Under the quota system, seats in colleges and government jobs are reserved for socially disadvantaged groups.

Backers of the affirmative action insist it helps open doors into highly-rated educational institutions to people who have long been denied access.

The system provides equal opportunities to the poorest and most marginalised in India, they say.

But critics of the system say reservation promotes mediocrity and divides people on the basis of caste or region.

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18 August 2011 Last updated at 15:05 GMT A Pakistani relative (2L) comforts a mourner after the killing of a victim of the shooting, inside a morgue at a local hospital in Karachi on August 18, 2011. The killings across Karachi are now increasingly indiscriminate At least 39 people have been killed in two days of political and gang violence in Pakistan's southern city of Karachi.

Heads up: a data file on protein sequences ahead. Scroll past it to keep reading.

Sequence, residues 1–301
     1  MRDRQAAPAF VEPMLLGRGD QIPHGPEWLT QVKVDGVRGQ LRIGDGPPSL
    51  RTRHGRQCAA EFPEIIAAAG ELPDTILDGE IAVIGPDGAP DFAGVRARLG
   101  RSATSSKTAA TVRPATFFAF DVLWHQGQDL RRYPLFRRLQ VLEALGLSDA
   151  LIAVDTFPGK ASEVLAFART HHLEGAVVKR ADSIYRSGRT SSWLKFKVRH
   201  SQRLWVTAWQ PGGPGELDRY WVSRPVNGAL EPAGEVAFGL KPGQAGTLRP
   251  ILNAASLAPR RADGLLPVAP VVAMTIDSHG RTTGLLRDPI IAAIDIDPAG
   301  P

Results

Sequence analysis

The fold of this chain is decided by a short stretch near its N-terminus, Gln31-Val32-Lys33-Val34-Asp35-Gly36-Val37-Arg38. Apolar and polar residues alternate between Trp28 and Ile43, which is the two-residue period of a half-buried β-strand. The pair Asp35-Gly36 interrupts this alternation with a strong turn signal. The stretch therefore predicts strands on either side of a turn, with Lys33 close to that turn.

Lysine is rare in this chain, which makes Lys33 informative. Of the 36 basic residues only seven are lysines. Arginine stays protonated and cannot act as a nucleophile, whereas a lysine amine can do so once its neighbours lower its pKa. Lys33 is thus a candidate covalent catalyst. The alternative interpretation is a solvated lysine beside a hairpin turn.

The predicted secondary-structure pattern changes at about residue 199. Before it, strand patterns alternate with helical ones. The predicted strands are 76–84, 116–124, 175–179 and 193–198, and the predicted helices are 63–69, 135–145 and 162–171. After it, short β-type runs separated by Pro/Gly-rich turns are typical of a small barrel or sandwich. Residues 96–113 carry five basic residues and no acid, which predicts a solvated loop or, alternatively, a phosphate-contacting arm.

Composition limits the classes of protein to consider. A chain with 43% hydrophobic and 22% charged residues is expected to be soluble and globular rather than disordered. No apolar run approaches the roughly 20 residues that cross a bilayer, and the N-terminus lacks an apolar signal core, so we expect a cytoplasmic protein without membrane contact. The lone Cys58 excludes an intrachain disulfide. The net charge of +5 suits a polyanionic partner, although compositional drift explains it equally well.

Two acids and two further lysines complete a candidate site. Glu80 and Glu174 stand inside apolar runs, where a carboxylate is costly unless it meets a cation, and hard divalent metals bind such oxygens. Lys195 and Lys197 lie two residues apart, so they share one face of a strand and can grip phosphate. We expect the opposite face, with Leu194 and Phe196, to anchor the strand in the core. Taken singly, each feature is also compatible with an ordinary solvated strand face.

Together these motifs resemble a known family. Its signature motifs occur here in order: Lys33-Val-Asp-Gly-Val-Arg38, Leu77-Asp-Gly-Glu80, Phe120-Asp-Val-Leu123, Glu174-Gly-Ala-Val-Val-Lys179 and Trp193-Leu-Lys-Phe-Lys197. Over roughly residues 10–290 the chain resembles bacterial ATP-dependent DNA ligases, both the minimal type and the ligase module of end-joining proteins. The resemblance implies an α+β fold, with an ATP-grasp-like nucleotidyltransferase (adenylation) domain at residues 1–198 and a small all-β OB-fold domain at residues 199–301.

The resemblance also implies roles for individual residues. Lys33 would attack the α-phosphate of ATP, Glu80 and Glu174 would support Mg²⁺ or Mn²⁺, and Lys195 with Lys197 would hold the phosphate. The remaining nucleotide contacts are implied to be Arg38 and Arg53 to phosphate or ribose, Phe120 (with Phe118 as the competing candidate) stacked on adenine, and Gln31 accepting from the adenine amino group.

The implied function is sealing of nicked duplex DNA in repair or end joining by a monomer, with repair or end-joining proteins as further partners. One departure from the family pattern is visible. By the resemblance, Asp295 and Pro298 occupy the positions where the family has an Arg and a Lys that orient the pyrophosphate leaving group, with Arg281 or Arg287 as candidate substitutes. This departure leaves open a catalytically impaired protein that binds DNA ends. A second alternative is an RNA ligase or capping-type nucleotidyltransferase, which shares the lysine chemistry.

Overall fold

Following Wednesday's killing of 13 people including ex-MP Waja Karim Dad, violence escalated and officials say more bodies were recovered overnight.

Police say many of those killed were kidnapped first and that some victims appear to have been tortured.

The attacks unfolded as Karachi's main MQM political party announced it will rejoin Pakistan's coalition government.

The party had left the PPP-led coalition after accusing its majority partner of not doing enough to stop the violence.

Police say that 315 people were killed in such attacks in Karachi in July 2011.

'Extreme torture'

The BBC's Syed Shoaib Hasan in Karachi says that the bodies are appearing all over the city stuffed in jute bags.

Our correspondent says that while initially politically motivated, the killings are now increasingly indiscriminate. Women, children and teenage footballers are amongst those gunned down.

Police say that the bodies bear the marks of extreme torture: some have even had their eyes gouged out. They said that it appears as if almost all the victims were kidnapped before being tortured only to be shot dead and deposited on the city streets.

Police surgeon Hamid Parihar told the BBC that he "had been collecting bodies since midnight and they are still coming in".